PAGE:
The exhibition “The Dead, as far as [ ] can remember” dealt with colonial violence and anti-colonial resistance – researched, elaborated and staged by activists, scientists, artists, museum staff and divided into four chapters:

Mangi Meli Remains

Chief Mangi Meli was a resistance fighter against German colonial rule in what is now Tanzania and was executed there in 1900. His head is said to have been brought to the collection of the Museum of Ethnology in Berlin – until today there is no trace of him. Unlike Mangi Meli himself, who is present in songs, stories and archives in small traces. These are brought together as a video sculpture and animated film – to tell possible stories of his life, his violent death, and the subsequent carrying off of his head.

Dead Images

The exhibition chapter reflects on the “ethical, scientific, and political implications” of two collections in the Anthropological Department of the Natural History Museum Vienna – consisting of over 40,000 skulls and some 50,000 anthropological photographs. And in the process also engages with so-called “anthropometry,” a scientific practice of body measurement that is closely entangled with the colonial agenda of racializing, hierarchizing, and categorizing people.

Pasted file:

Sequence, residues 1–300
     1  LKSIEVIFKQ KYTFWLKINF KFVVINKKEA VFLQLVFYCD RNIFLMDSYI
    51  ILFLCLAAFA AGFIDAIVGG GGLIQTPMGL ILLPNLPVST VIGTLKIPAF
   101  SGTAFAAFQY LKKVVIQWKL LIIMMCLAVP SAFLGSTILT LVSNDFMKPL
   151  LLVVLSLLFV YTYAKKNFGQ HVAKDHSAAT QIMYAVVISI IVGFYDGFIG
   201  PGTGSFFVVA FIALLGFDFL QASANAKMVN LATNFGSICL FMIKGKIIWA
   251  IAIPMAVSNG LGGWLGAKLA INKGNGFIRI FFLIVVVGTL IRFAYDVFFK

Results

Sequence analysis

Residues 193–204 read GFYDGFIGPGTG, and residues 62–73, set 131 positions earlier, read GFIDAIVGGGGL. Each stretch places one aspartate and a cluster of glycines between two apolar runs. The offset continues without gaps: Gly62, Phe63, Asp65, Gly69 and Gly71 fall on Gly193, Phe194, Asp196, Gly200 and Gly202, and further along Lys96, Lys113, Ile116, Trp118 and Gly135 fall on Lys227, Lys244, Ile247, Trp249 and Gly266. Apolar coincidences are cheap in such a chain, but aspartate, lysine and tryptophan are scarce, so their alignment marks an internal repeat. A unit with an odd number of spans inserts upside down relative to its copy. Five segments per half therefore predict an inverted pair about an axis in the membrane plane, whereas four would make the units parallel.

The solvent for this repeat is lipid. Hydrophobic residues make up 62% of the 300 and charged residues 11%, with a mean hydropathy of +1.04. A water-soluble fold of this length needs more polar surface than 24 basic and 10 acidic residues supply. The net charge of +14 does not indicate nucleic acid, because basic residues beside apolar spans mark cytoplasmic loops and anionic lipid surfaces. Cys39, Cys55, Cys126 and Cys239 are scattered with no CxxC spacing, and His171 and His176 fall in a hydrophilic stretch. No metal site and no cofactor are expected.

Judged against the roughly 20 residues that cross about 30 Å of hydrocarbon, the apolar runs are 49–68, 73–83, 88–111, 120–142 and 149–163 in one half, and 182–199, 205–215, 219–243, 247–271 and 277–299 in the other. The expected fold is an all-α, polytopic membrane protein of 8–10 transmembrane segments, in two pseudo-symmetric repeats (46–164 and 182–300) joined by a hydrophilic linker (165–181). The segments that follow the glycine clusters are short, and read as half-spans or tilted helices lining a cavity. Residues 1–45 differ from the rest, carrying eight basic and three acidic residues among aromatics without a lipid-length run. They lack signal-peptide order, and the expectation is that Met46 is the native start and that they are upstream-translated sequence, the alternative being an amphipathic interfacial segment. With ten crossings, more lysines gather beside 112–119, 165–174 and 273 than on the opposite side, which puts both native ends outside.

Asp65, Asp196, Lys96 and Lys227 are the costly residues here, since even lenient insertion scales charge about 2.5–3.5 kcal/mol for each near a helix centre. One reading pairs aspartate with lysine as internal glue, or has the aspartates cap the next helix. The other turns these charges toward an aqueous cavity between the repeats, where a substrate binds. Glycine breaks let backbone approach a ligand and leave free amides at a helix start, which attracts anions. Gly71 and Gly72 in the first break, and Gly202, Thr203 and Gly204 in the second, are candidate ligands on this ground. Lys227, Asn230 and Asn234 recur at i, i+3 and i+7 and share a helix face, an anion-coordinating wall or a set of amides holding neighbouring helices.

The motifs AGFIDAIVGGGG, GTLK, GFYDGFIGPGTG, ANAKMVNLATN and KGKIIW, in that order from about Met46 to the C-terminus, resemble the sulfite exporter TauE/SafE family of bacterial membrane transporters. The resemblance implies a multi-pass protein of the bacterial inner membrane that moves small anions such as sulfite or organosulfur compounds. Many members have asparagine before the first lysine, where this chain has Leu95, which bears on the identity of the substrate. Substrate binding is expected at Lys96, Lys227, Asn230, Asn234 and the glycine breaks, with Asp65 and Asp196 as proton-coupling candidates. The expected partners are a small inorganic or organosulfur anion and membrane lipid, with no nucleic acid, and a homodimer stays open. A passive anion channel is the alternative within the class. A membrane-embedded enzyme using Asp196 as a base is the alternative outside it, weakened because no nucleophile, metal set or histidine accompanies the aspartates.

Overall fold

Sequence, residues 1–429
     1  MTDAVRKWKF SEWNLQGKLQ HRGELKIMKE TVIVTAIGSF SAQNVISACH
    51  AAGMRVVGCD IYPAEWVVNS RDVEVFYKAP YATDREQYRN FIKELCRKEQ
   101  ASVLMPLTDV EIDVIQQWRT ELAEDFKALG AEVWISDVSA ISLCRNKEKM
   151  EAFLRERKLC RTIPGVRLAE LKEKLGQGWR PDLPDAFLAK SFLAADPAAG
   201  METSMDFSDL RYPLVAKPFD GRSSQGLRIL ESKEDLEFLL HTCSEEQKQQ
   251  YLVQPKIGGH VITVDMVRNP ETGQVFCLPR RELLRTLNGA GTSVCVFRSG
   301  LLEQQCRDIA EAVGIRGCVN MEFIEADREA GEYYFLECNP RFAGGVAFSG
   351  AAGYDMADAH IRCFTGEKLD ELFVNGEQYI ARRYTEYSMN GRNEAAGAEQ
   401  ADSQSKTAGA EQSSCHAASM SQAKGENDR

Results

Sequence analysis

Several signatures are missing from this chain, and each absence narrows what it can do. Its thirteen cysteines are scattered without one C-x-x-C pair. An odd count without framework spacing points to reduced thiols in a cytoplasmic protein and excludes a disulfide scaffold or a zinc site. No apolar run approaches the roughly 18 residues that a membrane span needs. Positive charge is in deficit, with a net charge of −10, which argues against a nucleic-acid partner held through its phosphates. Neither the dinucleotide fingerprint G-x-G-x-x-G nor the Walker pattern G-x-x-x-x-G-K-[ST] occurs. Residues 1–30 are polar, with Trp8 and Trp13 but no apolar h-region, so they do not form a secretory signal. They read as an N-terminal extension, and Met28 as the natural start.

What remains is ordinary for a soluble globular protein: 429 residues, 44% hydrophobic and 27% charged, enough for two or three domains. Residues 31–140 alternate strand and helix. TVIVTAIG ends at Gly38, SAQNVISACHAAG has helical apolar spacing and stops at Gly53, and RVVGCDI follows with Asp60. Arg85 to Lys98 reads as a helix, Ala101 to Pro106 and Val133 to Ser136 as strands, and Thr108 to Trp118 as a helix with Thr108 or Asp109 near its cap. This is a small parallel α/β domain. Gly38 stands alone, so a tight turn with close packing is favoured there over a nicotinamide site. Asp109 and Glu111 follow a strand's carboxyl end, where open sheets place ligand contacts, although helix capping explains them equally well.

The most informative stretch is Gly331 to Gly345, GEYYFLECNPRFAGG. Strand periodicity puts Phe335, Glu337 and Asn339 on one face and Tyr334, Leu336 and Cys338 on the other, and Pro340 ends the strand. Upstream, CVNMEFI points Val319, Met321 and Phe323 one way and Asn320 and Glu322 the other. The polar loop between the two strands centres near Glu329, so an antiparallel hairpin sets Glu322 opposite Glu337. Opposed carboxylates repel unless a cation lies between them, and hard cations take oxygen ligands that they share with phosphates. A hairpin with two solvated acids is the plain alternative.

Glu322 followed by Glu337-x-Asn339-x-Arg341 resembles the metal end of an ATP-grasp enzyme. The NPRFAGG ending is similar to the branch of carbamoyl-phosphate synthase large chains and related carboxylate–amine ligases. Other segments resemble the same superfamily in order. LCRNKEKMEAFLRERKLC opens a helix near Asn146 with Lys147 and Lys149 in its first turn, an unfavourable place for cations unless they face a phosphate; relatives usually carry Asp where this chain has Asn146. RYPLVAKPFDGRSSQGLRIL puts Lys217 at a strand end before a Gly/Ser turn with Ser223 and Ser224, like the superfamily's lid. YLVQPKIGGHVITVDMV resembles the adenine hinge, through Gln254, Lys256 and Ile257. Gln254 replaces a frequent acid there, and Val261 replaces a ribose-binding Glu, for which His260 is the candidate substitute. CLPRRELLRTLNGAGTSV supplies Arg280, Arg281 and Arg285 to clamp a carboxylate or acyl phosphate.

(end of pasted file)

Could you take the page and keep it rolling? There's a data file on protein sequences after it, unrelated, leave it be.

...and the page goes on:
Breaking the Silence I – The Wrath of Mdachi bin Sharifu

The room designed by the association “Berlin Postkolonial” deals with the long cherished myth of the loyalty of the colonized to the German Empire. It portrays the work of Mdachi bin Sharifu, a black decolonial activist who as early as 1919 had called in public speeches for a critical examination of the colonial past of the German Empire.

Just listen -voices on the politics of remembrance and German colonial history

The cooperation project between leftvision, Berlin Postcolonial and students of Freie Universität Berlin puts the perspectives of people affected by racism in the foreground of their discussion. The interviews exhibited here are about the violent continuities of colonial racist forms of power and domination as well as possible forms of a common coming to terms with German colonial rule.



“The Dead, as far as [ ] can remember” was on view from Nov. 09, 2018, to Jan. 19, 2019, at the Tieranatomisches Theater at Humboldt University in Berlin. For a more in-depth discussion of the exhibition, as well as its placement in current debates about restitution and decolonization in the context of “museums,” see, for example, the article“Curating Relationships Collaboratively – From Intertwined Objects to Intertwined Subjects.” published on the blog “What next for Humboldt’s legacy? Rethinking Ethnological Collections.”

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